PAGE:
once, anyway). If you tune in right now, you may catch shows like "Playmakers," "Around the Horn," or "Pardon the Interruption," which offer nothing except solid proof that no one at ESPN learned anything from the way MTV so destroyed its network with endless episodes of "Cribs" and "The Real World" (sorry, Malik) that they had to start a new network and advertise that it just played music videos--what a radical idea!
So ESPN hired a congenital liar like Limbaugh, a man whose experience with football pretty much starts and ends with the "knee injury" he claims to have sustained during a high school game and that kept him as far away from Vietnam as humanly possible. Proving that he can't even tell the truth about himself, Limbaugh later claimed that his 4-F status in the draft was because of a pilonidal cyst, which is basically a disgusting, hairy boil on his ass. (Sorry for sneaking in that horrifying mental image there.) They can't possibly make the argument that there weren't enough experienced football commentators available--outside of the usual cast of former players and coaches always clamoring for some of that TV money, the network had just fired former Green Bay Packer Sterling Sharpe, a thoughtful, insightful
They can't make the argument that they were "experimenting" with the idea of bringing in an outsider, an Everyman, to provide a fresh perspective on the game--their sister company ABC's experiment with Dennis Miller will go down as one of the most embarrassing moments in the storied history of Monday Night Football. To paraphrase a much better writer than myself, King Kaufman of salon.com, if I wanted to hear an uninformed idiot's perspective on the game, I can turn to either side of the couch and ask one of my friends.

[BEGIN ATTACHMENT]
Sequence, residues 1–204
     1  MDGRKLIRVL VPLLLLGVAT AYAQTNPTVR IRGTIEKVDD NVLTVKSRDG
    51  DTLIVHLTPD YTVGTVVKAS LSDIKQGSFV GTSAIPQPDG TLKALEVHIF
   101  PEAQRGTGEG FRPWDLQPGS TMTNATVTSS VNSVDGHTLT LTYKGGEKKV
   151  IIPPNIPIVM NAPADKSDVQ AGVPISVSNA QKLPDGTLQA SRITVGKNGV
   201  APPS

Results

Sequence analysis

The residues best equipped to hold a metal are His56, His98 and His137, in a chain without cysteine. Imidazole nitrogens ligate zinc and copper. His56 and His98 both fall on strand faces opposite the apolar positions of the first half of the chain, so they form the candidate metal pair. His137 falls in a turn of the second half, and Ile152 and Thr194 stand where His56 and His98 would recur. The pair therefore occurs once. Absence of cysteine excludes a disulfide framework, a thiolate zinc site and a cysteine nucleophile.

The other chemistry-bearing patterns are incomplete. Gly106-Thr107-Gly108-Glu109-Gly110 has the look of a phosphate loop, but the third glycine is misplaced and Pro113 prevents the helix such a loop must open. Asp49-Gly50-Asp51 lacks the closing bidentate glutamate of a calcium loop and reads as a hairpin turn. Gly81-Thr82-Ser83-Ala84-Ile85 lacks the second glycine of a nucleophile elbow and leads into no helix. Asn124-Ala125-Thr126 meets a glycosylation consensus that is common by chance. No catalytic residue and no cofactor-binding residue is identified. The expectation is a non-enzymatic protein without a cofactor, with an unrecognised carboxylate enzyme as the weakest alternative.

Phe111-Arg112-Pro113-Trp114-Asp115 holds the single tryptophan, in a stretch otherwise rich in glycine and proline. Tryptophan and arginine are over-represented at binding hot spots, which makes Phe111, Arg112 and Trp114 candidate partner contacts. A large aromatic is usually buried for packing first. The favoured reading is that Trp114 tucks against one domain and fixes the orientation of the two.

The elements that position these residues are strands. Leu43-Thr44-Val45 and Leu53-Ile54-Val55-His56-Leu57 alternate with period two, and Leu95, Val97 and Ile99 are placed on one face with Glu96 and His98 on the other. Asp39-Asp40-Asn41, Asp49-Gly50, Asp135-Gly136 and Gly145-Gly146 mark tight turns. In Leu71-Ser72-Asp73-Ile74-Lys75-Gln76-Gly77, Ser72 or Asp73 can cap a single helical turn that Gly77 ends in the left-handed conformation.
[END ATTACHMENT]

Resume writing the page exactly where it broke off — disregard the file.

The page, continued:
So we are left with this--ESPN hired this one-man Klan precisely because they knew what a polarizing figure he is. They knew that his "dittoheads," so named because they parrot everything Limbaugh says without bothering to mentally process it, will tune in to see their man. They knew that football fans will continue to tune in, because, what, we're gonna go to church instead? Hell, they were probably banking that even people like me, who froth at the mouth at the mention of Limbaugh's name, would tune in, looking for more reasons to hate him (like I needed more).
Limbaugh's hiring was a crude, craven act by a company that (surprise, surprise) puts the scrambling, scrounging, desperate search for ratings and money above everything else. They gave a platform to a man they knew was a liar and a racist, and now they'll expect us to believe that they are shocked, that they feel terrible about what was said, and that they meant no offense to McNabb or the millions of African-Americans whose achievements are routinely dismissed by racist conservatives like Limbaugh as either the gifts of affirmative action or failures masked by a crusading liberal media.
They'll appear contrite in front of the cameras, telling us with glum faces what a disappointing affair this has been, and how Limbaugh's statements don't speak for ESPN, or Disney, and how much they value diversity. And then they'll go back behind closed doors and high-five each other when the ratings reports come in.